I think about John. He was a young child with mental retardation when I first saw him. I reviewed his old records. As a baby, he’d been sick at home for a week. At the hospital they found he had meningitis.  His seizures continued for another week there. Who, I ask, is responsible for children like John whose care was delayed or non-existent?

I was responsible when a child was sick. But who takes prime responsibility when children or mothers don’t get care, or care is delayed?  Hospitals, doctors, the drug companies, the insurance companies can’t. You have responsibility, I think, as representatives of all the people.

Sadly, but perhaps understandably, we talk mostly about health care for individuals and not much about health care for people as a whole. I think that ought to change; we need to talk about the public’s health. That’s where legislatures and governments come in. In my view you are the ones who must deal with the great problem of people being excluded from care – and dying.

You have the tool in your hands, a plan for health care for everybody, single-payer health care. It costs too much, you may say. But no one asked about money when, after September 11, the United States launched seemingly endless war in response to that earlier calamity.  Besides, single – payer health care will cost less than our present system does, because profiteering will be restrained. Thank you.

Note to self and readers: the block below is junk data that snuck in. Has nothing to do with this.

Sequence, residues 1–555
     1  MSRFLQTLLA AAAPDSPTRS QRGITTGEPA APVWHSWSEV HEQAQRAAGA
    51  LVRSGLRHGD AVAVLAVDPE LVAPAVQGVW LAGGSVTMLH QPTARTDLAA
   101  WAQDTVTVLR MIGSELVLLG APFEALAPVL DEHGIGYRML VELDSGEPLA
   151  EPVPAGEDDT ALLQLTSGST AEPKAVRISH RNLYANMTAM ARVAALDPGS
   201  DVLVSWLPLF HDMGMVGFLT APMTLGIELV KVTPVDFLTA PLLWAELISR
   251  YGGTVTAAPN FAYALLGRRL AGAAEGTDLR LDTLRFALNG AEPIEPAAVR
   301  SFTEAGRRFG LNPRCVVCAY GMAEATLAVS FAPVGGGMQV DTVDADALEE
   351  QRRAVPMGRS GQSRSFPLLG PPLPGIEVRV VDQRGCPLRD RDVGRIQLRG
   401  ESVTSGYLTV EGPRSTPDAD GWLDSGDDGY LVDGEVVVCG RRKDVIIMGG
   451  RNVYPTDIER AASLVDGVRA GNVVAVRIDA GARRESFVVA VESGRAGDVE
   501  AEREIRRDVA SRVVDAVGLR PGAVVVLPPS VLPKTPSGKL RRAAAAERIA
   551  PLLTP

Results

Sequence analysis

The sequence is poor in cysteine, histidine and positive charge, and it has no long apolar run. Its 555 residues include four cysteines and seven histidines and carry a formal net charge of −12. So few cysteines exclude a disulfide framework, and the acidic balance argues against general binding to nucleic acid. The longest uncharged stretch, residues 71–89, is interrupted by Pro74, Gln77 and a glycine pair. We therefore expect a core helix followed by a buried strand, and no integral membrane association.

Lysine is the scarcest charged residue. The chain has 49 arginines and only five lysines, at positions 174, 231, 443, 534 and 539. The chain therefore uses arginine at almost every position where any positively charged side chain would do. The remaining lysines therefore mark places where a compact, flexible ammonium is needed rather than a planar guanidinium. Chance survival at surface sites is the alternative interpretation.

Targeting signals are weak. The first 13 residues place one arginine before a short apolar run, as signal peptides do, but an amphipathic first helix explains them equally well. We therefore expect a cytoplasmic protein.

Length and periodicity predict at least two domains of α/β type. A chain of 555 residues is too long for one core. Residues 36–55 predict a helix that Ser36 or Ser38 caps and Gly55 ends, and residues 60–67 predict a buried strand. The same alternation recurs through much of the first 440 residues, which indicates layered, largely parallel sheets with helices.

Written testimony:

Poor children and poor mothers are dying. Take responsibility

— Tom Whitney, former pediatrician, South Paris, Maine

Childhood Death and Poverty: A Study of All Childhood Deaths in Maine, 1976 to 1980

William S. Nersesian, Michael R. Petit, Pediatrics, January 1985

Summary: “All child deaths occurring from 1976 to 1980 in Maine were studied. All children who were participating in social welfare at the time of death were categorized as children from “low-income” families. This group of children had an overall death rate 3.1 times greater than children who were not on a social welfare program at the time of death. Children from low-income families were at higher risk for disease-related deaths (3.5:1), accidental deaths (2.6:1), and homicide deaths (5.0:1) … These data suggest that excess mortality is occurring among infants and children from low-income families in spite of Medicaid and other poverty programs.”

(Infant Deaths Tied to Poverty, Study Confirms, New York Times, December 15, 1995)

Excerpts: “A study released today by Federal health officials found that infant mortality rates were 60 percent higher for women living below the poverty line than for those above it.  The Centers for Disease Control and Prevention said a survey of 21,583 mothers found mortality during the first year was 8.3 per 1,000 infants for women with incomes above the poverty level and 13.5 for those living in poverty … The infant mortality gap linked to poverty was even more pronounced when researchers looked at the number of children who died after they were 4 weeks old but before their first birthdays. The children of women with low incomes were twice as likely to die during that period …”